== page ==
Working While Caring for Children With Complex Medical Needs
Anyone who has worked with kids and their families, or who is a parent themselves, has seen plainly that children do better when their caregivers do better. Although social determinants of health—factors such as education, housing and transportation—have become increasingly recognized as critical components of health care, there is still a lot we do not know about how we can support families within the pediatric health care system. One such area we wanted to explore was caregiver employment.
Through our combined work supporting some of our community health worker teams, facilitating a positive parenting intervention in primary care, speaking with families through qualitative research studies and examining policies that impact families, we have often seen caregivers’ employment and work-related needs intersect with children’s health care. There are some very clear examples, like the mom who runs into the parenting group 30 minutes late each week because her boss requires her to work late. But we’ve also noticed the indirect examples of this connection: the grandfather who had to go back to work after retiring in order to pay for his grandchild’s care; the mom who was afraid to be honest with her supervisor about her child’s health needs for fear of losing her job; and the parent who confided that her own mental health was suffering from the stress of working demanding hours to pay the bills and caring for her child’s complex medical needs.
At Children’s Hospital of Philadelphia (CHOP), we are lucky to have social workers and community health workers who can help support our families, yet brief appointments and limited time with patients only give us a glimpse of what families are experiencing day-to-day. Given its clear impact on caregivers and their children, families’ employment needs are something we want to learn more about—so to take a closer look, we’re turning to the experts: caregivers.
The caregiver balancing act
Better understanding employment needs directly from families is something that can impact the care we provide, as well as the policies that support employees and employers. Parents with sick children are protected by a federal law called the Family Medical Leave Act (FMLA), which provides them with up to 12 weeks of unpaid leave from their job per year. While this law gives parents the flexibility to take leave from work when their child’s medical conditions call for it, they are not paid for the time they take.
We know that finances are a balancing act for many working families, even when everyone is healthy; foregoing pay is simply not an option. But when a child gets sick, parents may be left with little choice. This can be particularly concerning for parents of children with complex medical needs who may need to devote more time off to be with their child during hospitalizations, attend doctor’s visits, seek specialty services and provide overall care and support for their child. And for many families who have just one working parent, the financial strain can be even more acute. Financial stability for families is vital to children’s health, so if we want parents to be empowered to care for their children without fear of losing a paycheck, the first step is to learn from them about their experience with the current policies and how they can be strengthened.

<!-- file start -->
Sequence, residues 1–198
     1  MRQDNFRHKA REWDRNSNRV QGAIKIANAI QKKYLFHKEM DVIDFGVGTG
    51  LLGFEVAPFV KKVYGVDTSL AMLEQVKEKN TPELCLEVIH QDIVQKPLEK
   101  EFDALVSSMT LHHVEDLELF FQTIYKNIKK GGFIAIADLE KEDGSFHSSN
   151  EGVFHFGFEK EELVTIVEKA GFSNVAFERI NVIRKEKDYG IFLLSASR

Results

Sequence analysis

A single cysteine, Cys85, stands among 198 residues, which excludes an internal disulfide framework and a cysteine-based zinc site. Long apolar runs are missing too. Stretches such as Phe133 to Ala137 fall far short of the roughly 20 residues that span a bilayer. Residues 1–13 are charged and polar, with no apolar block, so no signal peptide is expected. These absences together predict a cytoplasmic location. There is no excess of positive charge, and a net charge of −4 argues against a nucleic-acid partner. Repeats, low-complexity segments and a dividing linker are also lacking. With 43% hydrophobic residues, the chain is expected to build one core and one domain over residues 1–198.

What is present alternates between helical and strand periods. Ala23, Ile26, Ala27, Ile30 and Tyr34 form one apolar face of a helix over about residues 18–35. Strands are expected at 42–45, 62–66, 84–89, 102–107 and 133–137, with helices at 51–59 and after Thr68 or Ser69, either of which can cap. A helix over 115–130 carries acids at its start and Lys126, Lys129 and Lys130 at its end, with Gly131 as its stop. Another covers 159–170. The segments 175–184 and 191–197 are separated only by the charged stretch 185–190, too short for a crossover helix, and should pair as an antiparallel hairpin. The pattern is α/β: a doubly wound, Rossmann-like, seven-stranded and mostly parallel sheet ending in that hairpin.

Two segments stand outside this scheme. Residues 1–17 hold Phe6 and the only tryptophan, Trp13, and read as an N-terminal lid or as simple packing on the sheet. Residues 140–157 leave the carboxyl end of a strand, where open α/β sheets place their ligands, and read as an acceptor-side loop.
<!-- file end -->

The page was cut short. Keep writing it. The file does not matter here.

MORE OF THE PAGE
Next steps to inform employment policy and practice
As our team started thinking more about the financial and occupational struggles of caregivers of children with complex medical needs, it was clear that we had more questions than answers: How are they coping with their child’s illness financially and emotionally? To what extent are their jobs being impacted? What do caregivers understand about FMLA policies? How do they feel about using FMLA? If they aren’t currently employed, but have a desire to work and are able, how does that impact their decisions? Where do they need more support? What resources have they identified on their own?
We needed to have a more fully-developed understanding of the diversity of parent and caregiver experiences. So based on our questions, we worked in partnership with a care coordination team at the CHOP Karabots Pediatric Care Center to develop interview questions for caregivers of children with complex medical needs. This fall, with support from the Center for Pediatric Clinical Effectiveness, we reached out to caregivers of children with complex or chronic medical issues who visit Karabots Pediatric Care Center and plan to interview 20 of them to hear about their experiences juggling a job with care for their child, and how those experiences may affect family financial stability. Once we know more about how families of children with medical complexity make decisions and prioritize their time and energy, it can generate new ideas for ways to support families’ financial stability while caring for sick children.
We are happy to say that we have been strategic in developing this project to impact current practice, inform future research and, ultimately, influence policy change. We look forward to sharing the results with you in the coming months as we continue to explore new ways to provide better care and support for the whole family.